This blog post was originally published on April 1, 2015.
Cattle contribute roughly 11% of all human-induced greenhouse gas emissions–but they can be a crucial source of income for people working to escape poverty.
TechnoServe, in partnership with Danone’s Ecosystem Fund and UNAM (Universidad Nacional Autónoma de México), is helping hundreds of dairy farmers in Mexico to improve their incomes through more productive, sustainable dairy farming and business practices.
In addition to better business and farming skills, farmers learned how to improve the environmental sustainability of their farms, through practices like changing cattle diets to produce less methane; reforesting land; and installing solar panels, among other methods.
Altogether, this initiative has helped small-scale dairy farmers in Mexico to nearly triple their incomes, while reducing their farms’ carbon emissions by 13%. They have a more reliable market, too. Danone Mexico now buys 24% of its milk in Mexico from these small-scale producers. This model of supporting small-scale producers to make changes that are both economically and environmentally beneficial is at the core of TechnoServe’s regenerative business strategy–and a necessary model for addressing the twin problems of poverty and climate change.
For years, small-scale dairy farmers in Jalisco, Mexico, struggled to find a market for their milk. In 2010, TechnoServe and its partners launched the Margarita Project to integrate farmers in the region into the supply chain of the dairy company Danone. As a result, 300 participating farmers have been able to supply 10 percent of the milk used by the large Danone plant in Irapuato, Guanajuato, which provides healthy and high-quality foods for the Mexican market.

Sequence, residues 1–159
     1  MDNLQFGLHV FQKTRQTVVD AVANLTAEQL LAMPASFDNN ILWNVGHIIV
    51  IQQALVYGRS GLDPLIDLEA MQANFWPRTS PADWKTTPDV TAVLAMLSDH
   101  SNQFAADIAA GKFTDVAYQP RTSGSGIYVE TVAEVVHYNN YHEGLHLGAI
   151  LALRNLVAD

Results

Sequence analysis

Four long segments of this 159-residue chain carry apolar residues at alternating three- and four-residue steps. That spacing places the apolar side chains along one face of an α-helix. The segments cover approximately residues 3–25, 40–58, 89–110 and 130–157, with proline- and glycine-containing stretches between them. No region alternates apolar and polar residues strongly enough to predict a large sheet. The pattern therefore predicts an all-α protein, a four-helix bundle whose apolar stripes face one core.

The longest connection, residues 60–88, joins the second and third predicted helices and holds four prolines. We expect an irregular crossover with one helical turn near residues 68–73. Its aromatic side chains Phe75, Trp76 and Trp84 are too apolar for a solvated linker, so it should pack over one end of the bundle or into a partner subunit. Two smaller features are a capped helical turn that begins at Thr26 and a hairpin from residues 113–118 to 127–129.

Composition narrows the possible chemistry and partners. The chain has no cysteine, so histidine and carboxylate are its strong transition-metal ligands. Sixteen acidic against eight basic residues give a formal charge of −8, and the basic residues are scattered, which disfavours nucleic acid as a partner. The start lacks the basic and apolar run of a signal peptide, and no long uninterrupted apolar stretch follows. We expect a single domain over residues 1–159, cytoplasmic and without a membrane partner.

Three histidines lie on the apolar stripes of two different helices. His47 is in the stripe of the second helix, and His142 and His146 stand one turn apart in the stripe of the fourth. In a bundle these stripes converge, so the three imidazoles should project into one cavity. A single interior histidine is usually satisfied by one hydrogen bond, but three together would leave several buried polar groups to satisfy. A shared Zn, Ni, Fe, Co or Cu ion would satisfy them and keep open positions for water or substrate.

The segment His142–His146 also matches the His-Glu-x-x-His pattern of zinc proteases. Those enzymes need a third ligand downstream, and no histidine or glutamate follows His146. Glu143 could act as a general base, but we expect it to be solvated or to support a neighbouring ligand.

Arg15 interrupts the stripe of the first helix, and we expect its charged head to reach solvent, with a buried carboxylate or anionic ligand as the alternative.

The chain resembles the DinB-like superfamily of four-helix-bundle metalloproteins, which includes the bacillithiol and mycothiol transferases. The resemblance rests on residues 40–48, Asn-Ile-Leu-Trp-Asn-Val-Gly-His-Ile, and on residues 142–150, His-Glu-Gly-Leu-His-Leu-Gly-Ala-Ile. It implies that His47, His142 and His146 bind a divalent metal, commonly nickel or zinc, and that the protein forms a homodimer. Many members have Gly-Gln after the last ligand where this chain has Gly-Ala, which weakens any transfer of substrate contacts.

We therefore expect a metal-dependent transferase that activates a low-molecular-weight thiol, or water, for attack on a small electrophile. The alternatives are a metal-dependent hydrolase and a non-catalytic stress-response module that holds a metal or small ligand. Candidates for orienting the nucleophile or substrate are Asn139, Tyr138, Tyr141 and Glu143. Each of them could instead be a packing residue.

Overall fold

The first phase of the Margarita Project represented a strategic partnership between Danone, TechnoServe, Ecosysteme Fund, the Universidad Nacional Autónoma de México (UNAM) and the Regional Cattle Union of Jalisco. UNAM and TechnoServe help farmers acquire technical skills and business so that they could better manage their farms as businesses. The project has also connected the farmers with financing to invest in more cattle and key infrastructure such as milking machines and cooling tanks, which have improved the quality of the dairy. In addition, farmers received training on quality standards, and were advised by veterinarians on better breeding, hygiene, animal health and nutrition skills.
As a result, producers like Cecilio Gutiérrez and Martín Velázquez have been able to become providers to an industrial client with international standards for the first time. Their incomes and standard of living have improved, and they now have a sustainable long-term business relationship with a major buyer.
More than 115,000 liters of milk produced by these 300 farmers reach the Danone plant every day, representing a tenth of its total supply. The first cohort of farmers have increased milk productivity from their cows by 18 percent on average, while earning a higher price per liter. Overall, the farmers’ net income has doubled since the start of the program.